A child from Colorado is in critical condition after putting a USB cable into her mouth while the cable was still connected to a powered laptop.
The child, Trinity, received sever 3rd degree burns to her tongue, mouth and lips. She is in critical condition because the tongue is swollen enough that it’s hard for her to breath or eat.
See video after the jump.
The parent reports she was playing behind a chair where the mother was using the laptop, when the child didn’t respond to the mother, the mother checked the child and realized she was limp and not responding.
It’s a very sad case…or is it?
I mean, yes it’s very sad the child was hurt, but I don’t believe it was from a USB cable. Those cables don’t put out enough power to burn or shock anyone. In addition, if the mother was right there at the chair, wouldn’t the child have made some sort of noise?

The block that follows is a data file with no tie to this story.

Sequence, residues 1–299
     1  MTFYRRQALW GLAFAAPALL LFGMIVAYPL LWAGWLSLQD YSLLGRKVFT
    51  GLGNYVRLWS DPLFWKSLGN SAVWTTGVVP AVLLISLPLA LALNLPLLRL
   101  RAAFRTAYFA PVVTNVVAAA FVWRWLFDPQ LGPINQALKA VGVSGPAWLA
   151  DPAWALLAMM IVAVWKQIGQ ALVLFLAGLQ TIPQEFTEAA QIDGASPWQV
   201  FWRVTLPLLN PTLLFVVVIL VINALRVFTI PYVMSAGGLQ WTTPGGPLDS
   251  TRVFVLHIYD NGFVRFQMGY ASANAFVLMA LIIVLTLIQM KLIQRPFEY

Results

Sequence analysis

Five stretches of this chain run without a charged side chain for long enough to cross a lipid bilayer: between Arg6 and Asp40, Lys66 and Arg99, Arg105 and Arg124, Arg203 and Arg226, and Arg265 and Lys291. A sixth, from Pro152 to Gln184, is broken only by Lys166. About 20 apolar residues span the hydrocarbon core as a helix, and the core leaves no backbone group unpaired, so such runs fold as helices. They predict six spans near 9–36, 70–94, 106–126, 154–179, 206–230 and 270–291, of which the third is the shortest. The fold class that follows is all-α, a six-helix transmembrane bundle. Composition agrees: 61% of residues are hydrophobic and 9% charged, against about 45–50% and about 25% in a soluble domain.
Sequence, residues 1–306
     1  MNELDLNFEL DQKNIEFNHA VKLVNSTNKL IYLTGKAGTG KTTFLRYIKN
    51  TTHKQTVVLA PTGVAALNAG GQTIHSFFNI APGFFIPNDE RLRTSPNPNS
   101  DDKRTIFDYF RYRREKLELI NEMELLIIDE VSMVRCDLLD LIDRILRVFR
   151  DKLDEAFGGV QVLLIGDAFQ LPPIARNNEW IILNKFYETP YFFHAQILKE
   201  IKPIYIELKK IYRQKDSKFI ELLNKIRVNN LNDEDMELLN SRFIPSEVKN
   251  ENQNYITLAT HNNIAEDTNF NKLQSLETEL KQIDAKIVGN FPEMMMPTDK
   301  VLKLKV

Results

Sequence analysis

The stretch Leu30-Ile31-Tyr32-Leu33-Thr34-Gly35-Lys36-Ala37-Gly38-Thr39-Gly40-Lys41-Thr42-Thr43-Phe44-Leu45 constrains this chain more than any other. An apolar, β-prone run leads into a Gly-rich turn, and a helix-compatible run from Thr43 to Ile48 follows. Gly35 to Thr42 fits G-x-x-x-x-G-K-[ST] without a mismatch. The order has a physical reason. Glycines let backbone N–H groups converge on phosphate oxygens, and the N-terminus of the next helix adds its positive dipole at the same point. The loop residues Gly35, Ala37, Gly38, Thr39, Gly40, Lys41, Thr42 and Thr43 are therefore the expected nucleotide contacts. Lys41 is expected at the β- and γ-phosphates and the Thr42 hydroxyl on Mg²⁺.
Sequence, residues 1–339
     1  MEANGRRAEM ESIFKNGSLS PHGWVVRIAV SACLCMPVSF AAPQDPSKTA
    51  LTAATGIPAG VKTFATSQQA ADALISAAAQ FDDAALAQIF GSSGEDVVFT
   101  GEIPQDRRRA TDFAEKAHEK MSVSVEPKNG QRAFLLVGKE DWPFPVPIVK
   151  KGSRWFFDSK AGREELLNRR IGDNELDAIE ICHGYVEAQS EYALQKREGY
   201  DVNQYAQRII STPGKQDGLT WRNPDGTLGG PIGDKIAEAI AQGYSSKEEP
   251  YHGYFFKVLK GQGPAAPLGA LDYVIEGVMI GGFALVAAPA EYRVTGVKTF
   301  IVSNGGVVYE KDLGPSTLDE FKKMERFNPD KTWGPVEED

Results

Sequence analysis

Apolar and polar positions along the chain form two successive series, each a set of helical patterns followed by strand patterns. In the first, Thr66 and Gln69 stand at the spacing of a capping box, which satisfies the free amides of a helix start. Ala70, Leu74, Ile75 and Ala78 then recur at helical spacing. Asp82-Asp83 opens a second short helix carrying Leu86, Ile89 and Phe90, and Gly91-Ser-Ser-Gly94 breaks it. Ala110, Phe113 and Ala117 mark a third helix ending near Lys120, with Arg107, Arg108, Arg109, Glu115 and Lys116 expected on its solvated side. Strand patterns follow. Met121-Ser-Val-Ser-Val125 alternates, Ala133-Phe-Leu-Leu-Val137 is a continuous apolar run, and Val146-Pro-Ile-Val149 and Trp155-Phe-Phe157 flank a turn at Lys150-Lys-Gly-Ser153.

Something isn’t right about this story.
– Supplied voltage by a host or a powered hub ports is between 4.75 V and 5.25 V.
– Maximum voltage drop for bus-powered hubs is 0.35 V from it’s host or hub to the hubs output port.
– All hubs and functions must be able to send configuration data at 4.4 V, but only low-power functions need to be working at this voltage.
– Normal operational voltage for functions is minimum 4.75 V.
-Bus-powered hubs: Draw Max 100 mA at power up and 500 mA normally.
-Self-powered hubs: Draw Max 100 mA, must supply 500 mA to each port.
-Low power, bus-powered functions: Draw Max 100 mA.
-High power, bus-powered functions: Self-powered hubs: Draw Max 100 mA, must supply 500 mA to each port.
-Self-powered functions: Draw Max 100 mA.
I believe something more happened and the parent is trying to cover something up. A better explanation is the laptop was plugged into the wall and the child pulled the power cord out of the laptop and put it into her mouth, meanwhile the mother was far away doing something else [say cooking dinner].
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